The survival of cells and the subsequent organisms that they form is dependent upon their ability to exchange gases, nutrients, ions and waste with their environment. The biggest limiting factor in a cell's ability to complete these processes is size. There are three main size-related factors that contribute to a cell's small size allowing them to maximize efficiency and ensure survival.
Diffusion is the process by which cells move nutrients and waste into and out of the cell. There are several different types of the diffusion that cells utilize including those that require energy and transporters. An increase in cell size would decrease the rate of diffusion, which could result in a build up of waste inside the cell as well as nutrient deficiency.
DNA contains the genetic blueprints for protein synthesis. All organelles of the cell require proteins to function; therefore, an increase in cell size would require an increase in DNA and protein synthesis to accommodate the extra organelles. Smaller cells require less protein and are more manageable than a larger cell.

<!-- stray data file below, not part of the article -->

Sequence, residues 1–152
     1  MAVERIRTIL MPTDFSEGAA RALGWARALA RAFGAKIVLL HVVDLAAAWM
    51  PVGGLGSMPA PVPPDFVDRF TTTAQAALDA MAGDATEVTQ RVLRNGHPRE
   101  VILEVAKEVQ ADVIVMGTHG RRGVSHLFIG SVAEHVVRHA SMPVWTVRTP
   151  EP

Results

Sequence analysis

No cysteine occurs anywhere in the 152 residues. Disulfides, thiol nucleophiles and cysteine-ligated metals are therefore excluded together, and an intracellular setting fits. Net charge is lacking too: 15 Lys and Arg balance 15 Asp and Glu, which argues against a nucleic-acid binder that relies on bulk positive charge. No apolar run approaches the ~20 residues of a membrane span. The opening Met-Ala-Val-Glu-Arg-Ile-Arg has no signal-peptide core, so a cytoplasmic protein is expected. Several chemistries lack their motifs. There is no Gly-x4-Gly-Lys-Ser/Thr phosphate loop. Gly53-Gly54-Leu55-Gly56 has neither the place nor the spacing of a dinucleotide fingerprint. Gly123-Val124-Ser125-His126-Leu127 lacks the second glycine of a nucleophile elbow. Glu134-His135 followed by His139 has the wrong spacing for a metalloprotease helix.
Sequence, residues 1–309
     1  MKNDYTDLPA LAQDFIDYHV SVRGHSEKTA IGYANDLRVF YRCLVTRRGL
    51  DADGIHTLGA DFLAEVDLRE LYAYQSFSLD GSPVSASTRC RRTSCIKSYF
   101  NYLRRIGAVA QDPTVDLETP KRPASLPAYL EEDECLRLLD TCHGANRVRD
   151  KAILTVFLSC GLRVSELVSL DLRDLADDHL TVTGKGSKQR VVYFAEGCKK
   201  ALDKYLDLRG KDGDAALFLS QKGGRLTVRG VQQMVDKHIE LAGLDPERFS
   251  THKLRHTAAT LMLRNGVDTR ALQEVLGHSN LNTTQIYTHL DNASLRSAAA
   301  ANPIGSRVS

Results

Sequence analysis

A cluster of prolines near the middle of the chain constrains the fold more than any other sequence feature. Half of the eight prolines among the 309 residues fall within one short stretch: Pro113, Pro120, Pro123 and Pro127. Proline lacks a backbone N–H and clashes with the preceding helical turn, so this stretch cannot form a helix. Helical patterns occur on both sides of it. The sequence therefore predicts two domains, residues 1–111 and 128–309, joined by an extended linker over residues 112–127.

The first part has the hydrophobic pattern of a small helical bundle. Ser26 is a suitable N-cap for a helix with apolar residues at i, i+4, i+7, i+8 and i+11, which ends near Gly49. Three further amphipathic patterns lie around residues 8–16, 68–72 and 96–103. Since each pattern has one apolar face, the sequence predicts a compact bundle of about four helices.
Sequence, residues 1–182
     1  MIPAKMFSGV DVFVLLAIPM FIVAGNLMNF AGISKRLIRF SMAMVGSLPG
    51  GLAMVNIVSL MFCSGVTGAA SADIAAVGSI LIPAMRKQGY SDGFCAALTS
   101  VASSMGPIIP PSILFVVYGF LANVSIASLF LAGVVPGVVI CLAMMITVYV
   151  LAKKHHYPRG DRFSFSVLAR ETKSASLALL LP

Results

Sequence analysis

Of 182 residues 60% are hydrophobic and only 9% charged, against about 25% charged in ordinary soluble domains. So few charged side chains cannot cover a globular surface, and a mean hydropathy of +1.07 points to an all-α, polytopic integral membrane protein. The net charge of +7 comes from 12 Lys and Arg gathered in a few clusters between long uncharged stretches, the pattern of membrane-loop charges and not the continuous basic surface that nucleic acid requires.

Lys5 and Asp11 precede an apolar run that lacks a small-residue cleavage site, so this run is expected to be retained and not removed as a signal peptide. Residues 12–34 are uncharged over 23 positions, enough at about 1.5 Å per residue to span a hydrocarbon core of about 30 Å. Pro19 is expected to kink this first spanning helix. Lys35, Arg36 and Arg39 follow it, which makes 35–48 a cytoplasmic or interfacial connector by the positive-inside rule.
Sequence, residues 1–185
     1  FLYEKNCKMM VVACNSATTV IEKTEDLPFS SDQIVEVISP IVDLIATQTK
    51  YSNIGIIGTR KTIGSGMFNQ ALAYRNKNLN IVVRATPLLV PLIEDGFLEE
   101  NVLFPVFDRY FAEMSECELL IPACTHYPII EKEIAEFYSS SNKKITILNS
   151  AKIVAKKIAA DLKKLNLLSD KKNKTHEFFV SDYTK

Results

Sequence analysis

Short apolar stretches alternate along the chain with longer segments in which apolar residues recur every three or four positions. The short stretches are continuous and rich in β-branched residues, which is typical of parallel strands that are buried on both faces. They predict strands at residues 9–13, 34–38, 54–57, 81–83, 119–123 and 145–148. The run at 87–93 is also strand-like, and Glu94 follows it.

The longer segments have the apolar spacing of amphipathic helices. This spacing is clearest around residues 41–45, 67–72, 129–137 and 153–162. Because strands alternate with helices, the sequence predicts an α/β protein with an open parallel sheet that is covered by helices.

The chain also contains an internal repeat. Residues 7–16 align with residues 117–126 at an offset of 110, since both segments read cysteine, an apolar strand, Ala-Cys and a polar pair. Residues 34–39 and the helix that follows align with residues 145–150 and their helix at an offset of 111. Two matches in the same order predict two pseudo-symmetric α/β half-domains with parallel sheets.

Surface Area to Volume Ratio
The volume of the cell increases at a much faster rate than the surface area of the cell. The surface area represents the plasma membrane, which is the site of diffusion. A cell that is too large in volume does not have enough plasma membrane to effectively move particles in and out of the cell.
These limiting factors are the reason the cells divide instead of grow larger. Through cellular division, cells are able to maintain their optimal small size.
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